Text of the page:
I think fear of change has a big part to play in this, mostly driven by poor/painful memories of past change resulting from failure to manage risk, etc. Something of a Catch 22. The only tool I am aware of to address this is an open retrospective, with emphasis on the "open" part.

My current client hates change but yet has started a Ruby on Rails project out of fear that they may lose an edge. One occaison that fear has worked in my favour.

 
At Monday, December 12, 2005 3:37:00 pm, Anonymous Crispin Rogers Johnson said...

I am working on the first XP project our company has undertaken and fear has been a very big issue for us. Creating a bubble of project safety is essential to any agile project. Any tips, hints or useful URLs that provide techniques would be much appreciated.

Crispin

 
At Monday, December 12, 2005 6:09:00 pm, Blogger John S Nolan said...

I wish there were an easy answer.

Primarily, is there a timebox of effort aimed at achieving a quick win, where the team has commited to do the-whole-XP without question? (Including stand-up and retrospectives)

"Project Safety" is a term I dislike. XP helps you manage the risk properly in a project, the feeling of safety is about how the people in the team feel. You need to get people to address their personal worries and ensure that they are addressed directly. That's mainly management, and XP is not a mangement mechanism.

Ideas:
- get someone who has done it before to help. Primarily a change agent / scrum master / facilitator type (not necessarily an XP Coach, who to me concentrates on the practices)
- if you can;t get someone else (say due to resource restrictions) set time aside for the team to talk about these things (i.e. retrospect more often, but quickly 1/2 hour sessions) (This is a bit like self-managing teams which I think is an oxymoron and bad risk management but sometimes necessary in a vacuum of good management)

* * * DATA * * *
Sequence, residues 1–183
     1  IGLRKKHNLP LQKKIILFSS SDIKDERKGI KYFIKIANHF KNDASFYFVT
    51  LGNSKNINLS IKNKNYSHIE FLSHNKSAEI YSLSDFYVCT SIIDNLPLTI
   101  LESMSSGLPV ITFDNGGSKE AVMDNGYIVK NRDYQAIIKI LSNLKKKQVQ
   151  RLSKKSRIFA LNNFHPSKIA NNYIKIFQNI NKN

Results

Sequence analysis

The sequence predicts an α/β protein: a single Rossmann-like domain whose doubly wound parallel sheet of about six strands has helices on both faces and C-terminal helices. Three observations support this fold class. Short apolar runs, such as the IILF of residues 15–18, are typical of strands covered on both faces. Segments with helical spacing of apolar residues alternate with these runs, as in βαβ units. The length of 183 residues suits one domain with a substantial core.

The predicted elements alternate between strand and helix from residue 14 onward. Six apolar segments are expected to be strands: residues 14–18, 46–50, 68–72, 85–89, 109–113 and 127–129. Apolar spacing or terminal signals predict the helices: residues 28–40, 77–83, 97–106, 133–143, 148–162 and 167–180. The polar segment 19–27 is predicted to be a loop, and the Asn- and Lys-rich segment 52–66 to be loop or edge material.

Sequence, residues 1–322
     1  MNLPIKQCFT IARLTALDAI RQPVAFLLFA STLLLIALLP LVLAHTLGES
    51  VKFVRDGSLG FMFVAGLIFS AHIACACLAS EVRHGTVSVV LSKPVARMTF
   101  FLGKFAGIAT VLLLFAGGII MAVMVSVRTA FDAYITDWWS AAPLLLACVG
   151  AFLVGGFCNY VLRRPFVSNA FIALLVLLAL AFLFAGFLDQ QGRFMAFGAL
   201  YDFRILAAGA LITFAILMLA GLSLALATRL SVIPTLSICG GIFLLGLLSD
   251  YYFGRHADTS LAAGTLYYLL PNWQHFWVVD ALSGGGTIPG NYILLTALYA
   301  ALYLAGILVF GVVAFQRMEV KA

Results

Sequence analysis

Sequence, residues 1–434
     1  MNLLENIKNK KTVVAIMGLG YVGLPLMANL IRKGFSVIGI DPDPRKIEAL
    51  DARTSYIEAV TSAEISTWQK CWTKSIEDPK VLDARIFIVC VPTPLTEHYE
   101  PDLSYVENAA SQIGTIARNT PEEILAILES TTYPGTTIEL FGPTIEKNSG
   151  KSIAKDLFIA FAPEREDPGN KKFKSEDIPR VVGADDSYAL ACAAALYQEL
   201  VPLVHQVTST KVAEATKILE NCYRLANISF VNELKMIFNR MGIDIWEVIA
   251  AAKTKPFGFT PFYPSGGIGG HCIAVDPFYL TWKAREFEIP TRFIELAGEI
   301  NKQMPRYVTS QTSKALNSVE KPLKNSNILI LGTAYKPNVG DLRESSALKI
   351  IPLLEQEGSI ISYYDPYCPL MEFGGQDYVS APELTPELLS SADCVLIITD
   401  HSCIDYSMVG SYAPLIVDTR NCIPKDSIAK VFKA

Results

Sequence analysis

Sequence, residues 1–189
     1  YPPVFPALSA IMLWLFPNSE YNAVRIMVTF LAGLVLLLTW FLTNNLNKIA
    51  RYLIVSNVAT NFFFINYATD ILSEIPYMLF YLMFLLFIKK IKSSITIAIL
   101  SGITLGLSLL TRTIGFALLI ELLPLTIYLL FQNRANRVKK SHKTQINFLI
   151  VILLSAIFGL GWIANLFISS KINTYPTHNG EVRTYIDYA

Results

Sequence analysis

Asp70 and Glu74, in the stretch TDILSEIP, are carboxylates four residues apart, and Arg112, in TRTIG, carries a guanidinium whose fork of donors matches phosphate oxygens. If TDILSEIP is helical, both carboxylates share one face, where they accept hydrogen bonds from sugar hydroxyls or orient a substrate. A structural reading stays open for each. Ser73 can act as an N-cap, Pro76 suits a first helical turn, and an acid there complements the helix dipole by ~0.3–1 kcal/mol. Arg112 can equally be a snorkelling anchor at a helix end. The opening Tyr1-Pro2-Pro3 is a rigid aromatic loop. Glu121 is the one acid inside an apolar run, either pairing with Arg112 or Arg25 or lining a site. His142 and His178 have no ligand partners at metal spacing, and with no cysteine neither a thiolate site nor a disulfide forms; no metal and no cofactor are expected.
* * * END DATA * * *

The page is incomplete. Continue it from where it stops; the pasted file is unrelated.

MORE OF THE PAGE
- recognise its a change management issue not just an XP issue and address it as such (look at Kotters change failure points and things like High Performing Teams)
- look at the Scrum ideas and use them for managing the goals (Scrum is managment, XP is delivery)
- Facilitate discussion of fears

A few 'easy' questions that need a shared view:
- is there an urgency to do XP, a real need? What is driving you?
- is there a commitment from the team to do XP, at least for a timebox of say 30-days before analysing?
- is there a simple vision of why your doing XP and what the world will be like when you're doing XP?
- is there a facilitator (probably external) helping to identify and break you all of your learned habits? (difficult to do the thing and look at the process of the thing)
- are you aiming at a few short-term quick wins that will make-or-break your efforts?

Of course the real easy answer is pay for some of my time ;-)

(and plese don't go for the easy joke here, Crispin!)

 
At Wednesday, December 14, 2005 4:14:00 pm, Anonymous Crispin Rogers Johnson said...

Thank you for the suggestions Johnny. As a priority I will look at the questions you suggest. As much as I'd like to hire you (or ANO Agile consultamt) we don't have any budget, so we are reduced to DIY ;) (at least I didn't go for the most obvious joke!)